What Is Workers’ Compensation Insurance?
Making Sure Your Work Injury Is Treated Fairly
You are probably aware you have some kind of workers’ compensation insurance, but what does that actually mean for you? In the early 1900s, if you were injured on the job and couldn’t work, then you would lose your income unless you sued your employer for negligence. Now, there are fairer guidelines in place.
However, there’s an important catch: If you take your workers’ comp insurance money, then you surrender your right to sue the business.
In many cases, it’s best to accept your employer’s workers’ comp insurance. Most employers don’t want to be sued and will make sure you get healthy again. That doesn’t mean your situation should be taken lightly. Every situation is unique, and if you have doubts about accepting the insurance, then you may feel pressured to make a decision fast. The waiting period for comp benefits after injury in Idaho is only five days. The best way to know whether you should accept workers’ comp insurance is to contact an injury lawyer. With legal insurance, it’s even easier. Your injury lawyer may even be covered by your policy. Why is pursuing a lawsuit worth it? If your injury isn’t receiving the attention it needs, the compensation you may receive can make things easier for you and your family. In Idaho, you can get past, ongoing, and future medical care covered, as well as part of your lost wages while you’re healing. Any transportation costs to receive your medical care, such as mileage, can be covered. If you start working again but can’t return to your old job, you can be relieved of retraining costs and earn pay while you train. Disability benefits and sometimes lifetime monthly checks can be included — and more. Skaug Law has won the largest amount of money for a workers’ comp injury recovery case in state history. Trust Idaho’s best injury lawyers starting with a free case consultation at (208) 466-0030.
Stealing Miss Helen ‘Ocean’s 3’ Attempt a High-Stakes Heist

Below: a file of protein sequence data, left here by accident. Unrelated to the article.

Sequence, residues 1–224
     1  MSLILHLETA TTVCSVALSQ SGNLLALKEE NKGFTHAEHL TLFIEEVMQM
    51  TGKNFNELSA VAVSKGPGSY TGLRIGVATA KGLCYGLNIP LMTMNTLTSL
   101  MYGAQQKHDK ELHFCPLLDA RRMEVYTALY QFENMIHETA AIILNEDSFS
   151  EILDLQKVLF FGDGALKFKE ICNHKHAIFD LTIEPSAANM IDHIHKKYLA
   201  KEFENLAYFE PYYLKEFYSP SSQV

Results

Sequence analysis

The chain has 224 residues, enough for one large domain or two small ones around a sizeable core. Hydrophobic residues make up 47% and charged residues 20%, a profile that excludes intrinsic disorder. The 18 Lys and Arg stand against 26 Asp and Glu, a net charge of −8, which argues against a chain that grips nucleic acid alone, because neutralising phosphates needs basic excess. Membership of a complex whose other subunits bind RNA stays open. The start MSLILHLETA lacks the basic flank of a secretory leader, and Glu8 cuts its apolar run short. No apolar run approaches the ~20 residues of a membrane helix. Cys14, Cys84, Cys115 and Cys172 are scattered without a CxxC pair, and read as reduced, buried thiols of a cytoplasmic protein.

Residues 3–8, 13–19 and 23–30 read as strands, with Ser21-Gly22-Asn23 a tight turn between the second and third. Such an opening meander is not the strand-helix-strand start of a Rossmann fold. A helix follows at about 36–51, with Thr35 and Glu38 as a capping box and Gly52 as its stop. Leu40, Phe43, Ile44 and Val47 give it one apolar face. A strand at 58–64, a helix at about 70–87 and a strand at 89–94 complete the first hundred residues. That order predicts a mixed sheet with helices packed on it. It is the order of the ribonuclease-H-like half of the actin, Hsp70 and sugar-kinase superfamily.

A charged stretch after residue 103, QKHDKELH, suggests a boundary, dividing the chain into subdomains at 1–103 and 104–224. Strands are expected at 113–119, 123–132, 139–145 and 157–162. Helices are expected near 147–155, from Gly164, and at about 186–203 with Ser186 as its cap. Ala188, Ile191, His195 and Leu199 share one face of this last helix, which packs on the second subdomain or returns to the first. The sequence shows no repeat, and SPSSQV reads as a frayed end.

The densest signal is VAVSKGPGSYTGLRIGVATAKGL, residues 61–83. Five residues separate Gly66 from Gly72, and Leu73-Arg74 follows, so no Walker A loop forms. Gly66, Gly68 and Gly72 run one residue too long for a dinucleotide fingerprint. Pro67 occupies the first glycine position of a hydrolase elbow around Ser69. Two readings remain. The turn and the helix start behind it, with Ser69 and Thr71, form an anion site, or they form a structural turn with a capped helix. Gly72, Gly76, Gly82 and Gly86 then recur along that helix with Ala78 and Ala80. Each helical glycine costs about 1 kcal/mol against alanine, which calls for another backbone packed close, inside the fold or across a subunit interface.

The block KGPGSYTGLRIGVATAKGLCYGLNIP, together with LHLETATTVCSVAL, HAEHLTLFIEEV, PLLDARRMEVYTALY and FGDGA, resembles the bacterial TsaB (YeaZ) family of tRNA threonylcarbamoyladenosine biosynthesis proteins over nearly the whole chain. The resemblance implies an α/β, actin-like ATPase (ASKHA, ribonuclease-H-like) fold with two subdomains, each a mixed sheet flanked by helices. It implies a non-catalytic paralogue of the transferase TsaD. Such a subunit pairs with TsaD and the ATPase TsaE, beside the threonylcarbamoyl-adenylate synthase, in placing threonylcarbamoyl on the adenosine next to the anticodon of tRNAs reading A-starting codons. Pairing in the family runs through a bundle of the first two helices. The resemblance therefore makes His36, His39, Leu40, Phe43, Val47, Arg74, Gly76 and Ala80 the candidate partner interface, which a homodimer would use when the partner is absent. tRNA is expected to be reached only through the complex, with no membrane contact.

On a hot summer day in late July 2018, three people entered Miss Helen’s home, forcibly removed her, put her in a stroller, and ran toward their getaway vehicle. This might sound like a typical kidnapping story, but Miss Helen is no ordinary person. She is a 16-inch horn shark living at the San Antonio Aquarium. Fortunately, their fishy behavior didn’t go unnoticed, and someone alerted the aquarium staff. One perpetrator drove away with Miss Helen in tow, but the other two were stopped by aquarium staff, later confessing to their involvement. Thanks to some observant witnesses and aquarium surveillance, police were able to identify the third thief and obtain a warrant to search his house. As it turned out, he had an extensive aquarium in his home and possibly hoped to add Miss Helen to his collection. After being identified, Miss Helen was returned home safely. The aquarium staff was grateful to have Miss Helen back unharmed, despite her ordeal. “She’s a tough little horn shark, I’ll tell you that,” affirmed Jamie Shank, the assistant husbandry director at the aquarium. NO MINOR CRIME While many animal lovers might disagree, animals are considered personal property, so stealing them is a crime of theft, not kidnapping. The penalties for stealing animals vary depending on each state’s laws, and some states have specific laws regarding animal theft. In Texas, larceny law designates the theft of property valued between $1,500–$20,000 as a felony. In the case of Miss Helen, who’s valued by the aquarium at $2,000, the thieves committed a felony. Also, transporting certain animals requires special permits, which led to additional charges against the three thieves. The Animal Welfare Act, which was adopted in 1966, is the only federal law that regulates the treatment of animals in research, exhibition, transport, and by dealers. Interestingly, it only applies to warm-blooded animals, so if Miss Helen had needed further protection, she would be left out in the cold.
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